I came to write Tranquillity Initiative, my novel that is coming out this fall, because I picked up a fascinating little book on Techno-Terrorism. At the time I wanted to write an action movie. I was a few years out of Paramedic training and fascinated by emergency medicine, so I decided to write about an anthrax attack on New York. This was well before 2001. I wanted my villains to drop a bomb containing anthrax off a building where the germs would spread in the worst configuration possible – so I chose the World Trade Center. The twin towers were still standing at the time and were perfect for my requirements.
Several drafts later I showed it to a friend. “You can’t have the worst possible thing happen at the beginning of the book,” he said. “The whole script goes downhill from there. I went back to the drawing boards.
How would I structure the release of the Anthrax so that everyone in the city would know it was there, and still have something to be scared would happen at the end? The answer was two bombs. One opened by mistake and distributed into the city at the beginning, one to be properly deployed from a tall building at the end – with everyone painfully aware of the consequences. To point out some of the things I didn’t approve of that were going on politically, I made the bombs American issue, stolen off one of our bases.
Next, I had to decide where the accidental distribution would take place. Why not Times Square? There were old buildings on the west side of the square that would do well for immigrant housing. Lots of people from all over the world travel to the Square. Later in the tale, I could still have my battle on top of the twin towers, which remained the best place from which to deploy weapons grade germ warfare armament. Actually, in one early draft I had made the germ warfare contagious, but it rapidly became clear that I could wipe out the human and animal populations of the world so I switched to a deliberate decision not to make the spores transmit human to human. Of course that discovery was made when I was still using optimal deployment off the North Tower at the beginning of the story.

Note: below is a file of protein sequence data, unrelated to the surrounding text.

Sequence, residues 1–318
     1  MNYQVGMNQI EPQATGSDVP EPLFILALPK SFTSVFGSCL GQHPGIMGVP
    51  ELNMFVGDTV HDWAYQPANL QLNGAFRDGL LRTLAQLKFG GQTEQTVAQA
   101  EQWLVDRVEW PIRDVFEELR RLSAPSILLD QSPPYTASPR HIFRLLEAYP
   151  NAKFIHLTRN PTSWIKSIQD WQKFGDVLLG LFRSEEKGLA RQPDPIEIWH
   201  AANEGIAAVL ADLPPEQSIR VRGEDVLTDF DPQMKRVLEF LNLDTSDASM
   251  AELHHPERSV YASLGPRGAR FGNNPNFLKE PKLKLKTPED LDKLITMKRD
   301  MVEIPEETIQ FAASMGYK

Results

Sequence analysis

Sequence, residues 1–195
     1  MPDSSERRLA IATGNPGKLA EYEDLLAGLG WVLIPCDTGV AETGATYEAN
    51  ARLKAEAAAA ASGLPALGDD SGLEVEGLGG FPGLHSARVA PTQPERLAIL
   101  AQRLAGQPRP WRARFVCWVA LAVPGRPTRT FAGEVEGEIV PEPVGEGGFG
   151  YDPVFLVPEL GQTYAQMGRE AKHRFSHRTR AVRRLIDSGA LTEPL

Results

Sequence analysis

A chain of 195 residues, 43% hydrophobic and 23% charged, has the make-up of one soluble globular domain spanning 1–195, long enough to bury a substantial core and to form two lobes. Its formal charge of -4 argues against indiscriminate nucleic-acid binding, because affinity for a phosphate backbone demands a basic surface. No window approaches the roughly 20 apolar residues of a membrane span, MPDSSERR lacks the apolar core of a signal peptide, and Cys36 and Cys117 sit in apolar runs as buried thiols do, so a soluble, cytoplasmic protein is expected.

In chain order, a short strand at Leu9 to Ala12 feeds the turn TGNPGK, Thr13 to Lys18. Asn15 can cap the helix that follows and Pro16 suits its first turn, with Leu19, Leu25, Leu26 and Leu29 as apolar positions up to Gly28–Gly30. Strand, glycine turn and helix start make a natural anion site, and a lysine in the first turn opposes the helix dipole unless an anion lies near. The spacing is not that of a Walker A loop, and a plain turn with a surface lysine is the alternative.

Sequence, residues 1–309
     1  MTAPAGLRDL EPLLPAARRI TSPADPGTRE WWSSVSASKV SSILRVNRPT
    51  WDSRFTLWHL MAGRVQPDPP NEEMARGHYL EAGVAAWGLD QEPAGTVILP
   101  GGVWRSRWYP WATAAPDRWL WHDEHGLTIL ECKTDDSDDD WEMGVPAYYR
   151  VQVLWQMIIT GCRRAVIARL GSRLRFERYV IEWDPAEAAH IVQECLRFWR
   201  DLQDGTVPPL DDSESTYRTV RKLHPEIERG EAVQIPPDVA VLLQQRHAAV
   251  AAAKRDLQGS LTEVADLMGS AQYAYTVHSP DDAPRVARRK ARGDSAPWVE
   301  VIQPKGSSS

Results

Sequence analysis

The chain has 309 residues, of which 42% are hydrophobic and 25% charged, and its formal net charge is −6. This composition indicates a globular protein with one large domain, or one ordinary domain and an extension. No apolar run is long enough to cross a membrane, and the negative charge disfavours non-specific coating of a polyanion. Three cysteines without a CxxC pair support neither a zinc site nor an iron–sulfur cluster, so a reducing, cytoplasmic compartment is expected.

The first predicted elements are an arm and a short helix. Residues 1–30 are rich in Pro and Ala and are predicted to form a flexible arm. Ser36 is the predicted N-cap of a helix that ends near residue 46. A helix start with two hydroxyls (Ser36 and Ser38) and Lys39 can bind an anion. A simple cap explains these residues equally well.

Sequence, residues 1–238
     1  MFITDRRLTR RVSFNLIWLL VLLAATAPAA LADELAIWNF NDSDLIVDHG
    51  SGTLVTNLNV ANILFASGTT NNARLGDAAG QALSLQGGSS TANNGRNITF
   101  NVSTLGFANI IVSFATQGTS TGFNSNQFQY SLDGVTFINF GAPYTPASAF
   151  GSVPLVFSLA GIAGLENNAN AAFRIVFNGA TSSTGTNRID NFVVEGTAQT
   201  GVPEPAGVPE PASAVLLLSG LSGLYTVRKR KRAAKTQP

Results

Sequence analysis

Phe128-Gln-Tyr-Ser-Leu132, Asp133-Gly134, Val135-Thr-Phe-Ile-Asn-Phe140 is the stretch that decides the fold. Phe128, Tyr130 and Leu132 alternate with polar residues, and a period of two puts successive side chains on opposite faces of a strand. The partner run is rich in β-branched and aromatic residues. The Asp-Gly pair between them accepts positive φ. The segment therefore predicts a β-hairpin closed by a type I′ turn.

The story became good enough and solid enough to transpose into novel form so I spent months expanding the film. I was now working with a movie and a novel. That’s a wonderful exercise because you learn so much about your film characters in the process. Then came 9/11 and the loss of the optimal buildings on the west side of the City. I went back to the drawing boards. I needed another ending. I needed another building. This time I had to rewrite both a novel and a movie.
I’ve always loved Grand Central Station with its whispering corners, countless entrances and exits, bookstores and junk food, the feeling of history that treats the eye with every glance. While my villain settled on the magnificent Chrysler building for his final deployment, my imagination traveled to the dark tunnels of Grand Central and the ending fairly wrote itself.
A visit to the Chrysler building was a complete surprise. I had walked past it all my life without going inside. I was unprepared for how beautiful the lobby was. A quick study of its history and the way its construction played into my plot was an unexpected bonus. I spent months and months rewriting, using the Grand Central tunnels I remembered all the years from early childhood riding the trains out of the lower level on the New Haven and Hartford line in the years before Amtrak.
And now, after a zillion changes, my novel is almost ready to be released and I’m thrilled. Look for it in your bookstores this fall. Tranquillity Initiative.